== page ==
When is a name change more than a name change? When the change is a reflection of shifting government priorities and an enhanced focus on national security scrutiny of inbound foreign investment in Canada.

The Foreign Investment Review and Economic Security (FIRES) Branch is the new name of the government department most recently known as the Investment Review Division (IRD) of Innovation, Science and Economic Development Canada. The shift in emphasis on economic security is the latest in a series of moves by the Canadian government which have increased the use of and focus on the national security review provisions of the Investment Canada Act as part of Canada's national security strategy.

In 2017-2018, the Canadian government only issued four (4) notices of potential review under the national security provisions – a few small sparks of concern. By 2021-2022, the embers of national security interest were clearly glowing, and the number of notices flared up to 24. The government has not yet released figures for the 2022-2023 fiscal year, but based on our experience we expect there will be a further significant increase in potential national security reviews conducted by the government.

Other examples of this heightened focus include the recent personnel appointments within the FIRES Branch. Jamieson McKay, the new Director General, has significant background with national security roles within the Canadian government, including experience at the Department of National Defence, while Marie Eve Roy Marcoux, the new Director of the Investment Review Directorate, was previously the Director, Financial Sector Integrity and National Security at the Department of Finance. These appointments of civil servants with significant national security experience demonstrates the Canadian government's focus on managing national security threats through the Investment Canada Act.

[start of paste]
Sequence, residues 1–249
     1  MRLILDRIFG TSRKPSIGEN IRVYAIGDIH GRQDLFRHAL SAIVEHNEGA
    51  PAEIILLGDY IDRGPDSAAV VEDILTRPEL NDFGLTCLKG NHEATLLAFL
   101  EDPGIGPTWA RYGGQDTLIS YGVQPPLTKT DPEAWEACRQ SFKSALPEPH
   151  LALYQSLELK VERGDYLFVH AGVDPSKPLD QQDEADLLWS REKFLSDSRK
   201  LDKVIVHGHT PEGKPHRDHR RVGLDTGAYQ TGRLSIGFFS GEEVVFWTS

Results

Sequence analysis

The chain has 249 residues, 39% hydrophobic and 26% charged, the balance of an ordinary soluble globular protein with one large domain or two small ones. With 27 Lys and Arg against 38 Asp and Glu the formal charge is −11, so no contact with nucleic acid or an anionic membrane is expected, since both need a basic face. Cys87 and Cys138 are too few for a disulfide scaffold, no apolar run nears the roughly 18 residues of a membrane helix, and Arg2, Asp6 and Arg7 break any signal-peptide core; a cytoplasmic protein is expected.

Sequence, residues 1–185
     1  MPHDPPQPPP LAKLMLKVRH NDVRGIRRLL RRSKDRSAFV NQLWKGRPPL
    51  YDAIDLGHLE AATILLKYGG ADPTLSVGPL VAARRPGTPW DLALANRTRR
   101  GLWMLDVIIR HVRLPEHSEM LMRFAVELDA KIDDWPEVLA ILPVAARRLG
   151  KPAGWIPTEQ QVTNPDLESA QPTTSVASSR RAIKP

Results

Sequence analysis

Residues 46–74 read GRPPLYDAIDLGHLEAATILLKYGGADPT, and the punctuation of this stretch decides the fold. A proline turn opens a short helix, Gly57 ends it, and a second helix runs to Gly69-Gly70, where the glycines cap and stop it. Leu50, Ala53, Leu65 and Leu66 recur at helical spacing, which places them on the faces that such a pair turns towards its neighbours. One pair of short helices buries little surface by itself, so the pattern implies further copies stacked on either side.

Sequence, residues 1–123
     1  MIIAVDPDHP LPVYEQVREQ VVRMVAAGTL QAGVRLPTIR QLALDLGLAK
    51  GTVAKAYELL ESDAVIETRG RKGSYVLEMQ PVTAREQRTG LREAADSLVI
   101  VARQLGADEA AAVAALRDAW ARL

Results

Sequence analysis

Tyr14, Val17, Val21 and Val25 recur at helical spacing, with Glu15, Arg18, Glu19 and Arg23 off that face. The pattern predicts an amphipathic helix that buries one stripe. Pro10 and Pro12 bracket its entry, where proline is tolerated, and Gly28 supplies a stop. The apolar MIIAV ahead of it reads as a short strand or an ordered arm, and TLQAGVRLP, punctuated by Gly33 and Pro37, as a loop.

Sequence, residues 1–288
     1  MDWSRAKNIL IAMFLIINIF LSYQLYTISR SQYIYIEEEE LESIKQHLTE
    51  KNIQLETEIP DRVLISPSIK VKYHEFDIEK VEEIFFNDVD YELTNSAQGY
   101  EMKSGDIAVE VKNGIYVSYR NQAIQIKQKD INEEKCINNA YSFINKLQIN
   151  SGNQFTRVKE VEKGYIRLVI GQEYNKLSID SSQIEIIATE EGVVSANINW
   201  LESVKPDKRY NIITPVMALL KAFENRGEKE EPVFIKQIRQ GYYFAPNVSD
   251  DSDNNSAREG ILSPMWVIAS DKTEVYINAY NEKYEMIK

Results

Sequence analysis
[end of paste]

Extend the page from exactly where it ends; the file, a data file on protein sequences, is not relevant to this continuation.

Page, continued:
Finally, proposed amendments to the ICA are slowly burning their way through Parliament which, if passed, would require mandatory pre-closing notification for proposed investments by foreign investors in Canadian businesses that operate in to-be-prescribed "sensitive" sectors and give the Minister of Innovation, Science and Industry greater powers during national security reviews. For more information on these amendments, see our blog post.

Key Takeaway

National security has become a hot topic and is clearly a major priority for the Canadian government. Foreign investors looking to invest in Canadian businesses (including foreign businesses with Canadian subsidiaries), especially those which operate in sensitive sectors, should engage Canadian counsel in advance of implementing such investments to help mitigate potential risks and avoid getting burned.

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